Three senior managers at Wales’ biggest council are to share a combined pay rise of about £100,000 as part of a major overhaul of its management structure..
Cardiff council’s city development chief officer, Neil Hanratty, will see his salary rise from £68,880 to £120,000 – a 73% increase – after being promoted to the newly created post of economic development director.
He is one of three council senior managers to receive pay hikes after being promoted to a new tier of directors created by the Labour administration.
One councillor described the situation as “a bloody disgrace”.
Chief communities officer Sarah McGill will receive a pay rise of around £32,000, with her salary increasing from £87,666 to £120,000 as the new communities, housing and customer services director.
And Christine Salter will see her wage increase around £23,000 – from £107,088 to £130,000 – after being promoted from chief corporate services officer to corporate director of resources.
External candidates from Wiltshire, Bristol and Rhondda Cynon Taf councils have been appointed to three further director posts, each with £120,000 salaries.
Another two external appointments to the posts of county solicitor (£120,000) and county clerk/monitoring officer (£120,000) have also been made subject to final checks.
Interviews for further posts created in the restructure continue.
The restructure will see the number of top-tier managers increase from 17 to 23, adding £1.1m a year to the wage bill. The council says it will be cost neutral by cutting spending on management consultants.
When the restructure was agreed by Labour last year, a report said the salaries had been benchmarked against other “core cities” and the London boroughs to “attract the best talent and experience”.
Trade unions said council staff who had seen their salaries frozen for the past three years would be angered by the pay hike enjoyed by some top bosses.
And an opposition group leader said the three internal promotions showed the high salaries offered by Cardiff had not attracted the level of candidates hoped for.
Council chief executive Jon House said he’d received more than 350 applications “from all the major core cities and from overseas for these very important positions”, while council leader Heather Joyce said there had been a “very strong field of candidates”.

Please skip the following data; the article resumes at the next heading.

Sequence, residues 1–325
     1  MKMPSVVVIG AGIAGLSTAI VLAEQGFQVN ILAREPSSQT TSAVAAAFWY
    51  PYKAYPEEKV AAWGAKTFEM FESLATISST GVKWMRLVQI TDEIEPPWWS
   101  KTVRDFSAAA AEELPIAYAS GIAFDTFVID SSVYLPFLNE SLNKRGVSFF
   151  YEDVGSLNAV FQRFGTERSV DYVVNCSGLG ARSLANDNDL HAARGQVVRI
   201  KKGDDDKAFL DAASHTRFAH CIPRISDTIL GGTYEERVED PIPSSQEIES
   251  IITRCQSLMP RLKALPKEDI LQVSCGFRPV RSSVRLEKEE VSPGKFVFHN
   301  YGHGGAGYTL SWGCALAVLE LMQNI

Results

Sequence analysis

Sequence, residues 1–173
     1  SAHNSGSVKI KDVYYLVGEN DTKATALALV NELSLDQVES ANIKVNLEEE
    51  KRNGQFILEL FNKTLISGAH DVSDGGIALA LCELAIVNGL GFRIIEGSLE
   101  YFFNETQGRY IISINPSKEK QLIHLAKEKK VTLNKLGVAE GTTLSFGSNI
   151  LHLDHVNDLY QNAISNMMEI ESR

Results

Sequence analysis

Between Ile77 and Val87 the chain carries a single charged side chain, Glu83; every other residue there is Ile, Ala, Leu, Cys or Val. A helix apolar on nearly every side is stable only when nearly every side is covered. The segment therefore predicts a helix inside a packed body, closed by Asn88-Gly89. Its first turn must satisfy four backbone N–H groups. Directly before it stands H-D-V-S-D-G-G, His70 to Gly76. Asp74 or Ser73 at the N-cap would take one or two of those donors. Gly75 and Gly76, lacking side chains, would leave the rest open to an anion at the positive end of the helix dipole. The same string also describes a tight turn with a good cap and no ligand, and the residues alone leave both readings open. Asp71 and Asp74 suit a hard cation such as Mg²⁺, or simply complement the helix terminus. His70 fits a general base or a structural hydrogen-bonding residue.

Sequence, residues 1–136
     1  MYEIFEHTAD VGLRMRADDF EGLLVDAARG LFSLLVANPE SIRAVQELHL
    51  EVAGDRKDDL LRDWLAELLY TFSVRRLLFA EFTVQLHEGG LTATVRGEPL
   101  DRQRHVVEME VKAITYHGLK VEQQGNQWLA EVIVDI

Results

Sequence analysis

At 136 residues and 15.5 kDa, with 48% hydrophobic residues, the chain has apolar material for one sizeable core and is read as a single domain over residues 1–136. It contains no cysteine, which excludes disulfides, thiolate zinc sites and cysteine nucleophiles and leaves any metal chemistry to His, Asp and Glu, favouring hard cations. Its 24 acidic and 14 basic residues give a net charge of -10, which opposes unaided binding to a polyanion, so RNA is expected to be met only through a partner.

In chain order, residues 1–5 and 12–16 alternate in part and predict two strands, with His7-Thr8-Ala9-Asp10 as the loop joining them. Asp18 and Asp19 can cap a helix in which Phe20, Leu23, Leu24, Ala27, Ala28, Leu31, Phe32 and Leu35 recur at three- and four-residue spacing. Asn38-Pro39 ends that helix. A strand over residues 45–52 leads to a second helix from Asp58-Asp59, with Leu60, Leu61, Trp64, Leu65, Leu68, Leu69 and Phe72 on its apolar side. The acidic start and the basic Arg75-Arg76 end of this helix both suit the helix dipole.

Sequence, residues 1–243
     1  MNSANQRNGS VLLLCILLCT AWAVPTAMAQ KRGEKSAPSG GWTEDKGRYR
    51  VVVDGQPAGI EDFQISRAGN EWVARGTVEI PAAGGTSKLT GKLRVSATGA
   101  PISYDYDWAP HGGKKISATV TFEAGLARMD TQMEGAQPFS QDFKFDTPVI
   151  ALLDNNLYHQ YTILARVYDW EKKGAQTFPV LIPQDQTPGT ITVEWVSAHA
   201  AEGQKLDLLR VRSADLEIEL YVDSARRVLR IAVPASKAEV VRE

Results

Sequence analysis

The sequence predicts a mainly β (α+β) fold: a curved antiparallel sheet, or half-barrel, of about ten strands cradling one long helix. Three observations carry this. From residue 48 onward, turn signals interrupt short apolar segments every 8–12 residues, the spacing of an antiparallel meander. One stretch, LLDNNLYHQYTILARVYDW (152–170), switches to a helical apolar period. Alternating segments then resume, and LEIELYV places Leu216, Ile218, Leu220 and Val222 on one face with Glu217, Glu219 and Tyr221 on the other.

In a statement, she added: “This new senior team model is an important first step towards making sure this council (is) properly accountable, able to achieve extremely difficult financial savings as well as protect jobs and services.”
Councillors have been short-listing and interviewing applicants in recent weeks after the council spent £30,000 taking out job advertisements in a national newspaper.
Conservative group leader David Walker, who sat on three of the appointment panels, said he understood the council had not received the level of applicants it had hoped for.
“The whole selection process has been disappointing,” he said.
Coun Walker said the successful internal candidates were “competent”, but added: “You have to ask the question why did we need to promote them and pay them an extra £30,000?”
Liberal Democrat group leader Judith Woodman, who also sat on three appointment panels, said the internal promotions proved the council already had the necessary talent in-house.
“What have we gained except to give these people with the talent considerably more money? It’s a bloody disgrace,” she said.
“They are very competent officers already doing most of the job that the director will do. One has to question if such a big hike in salary is really justifiable.”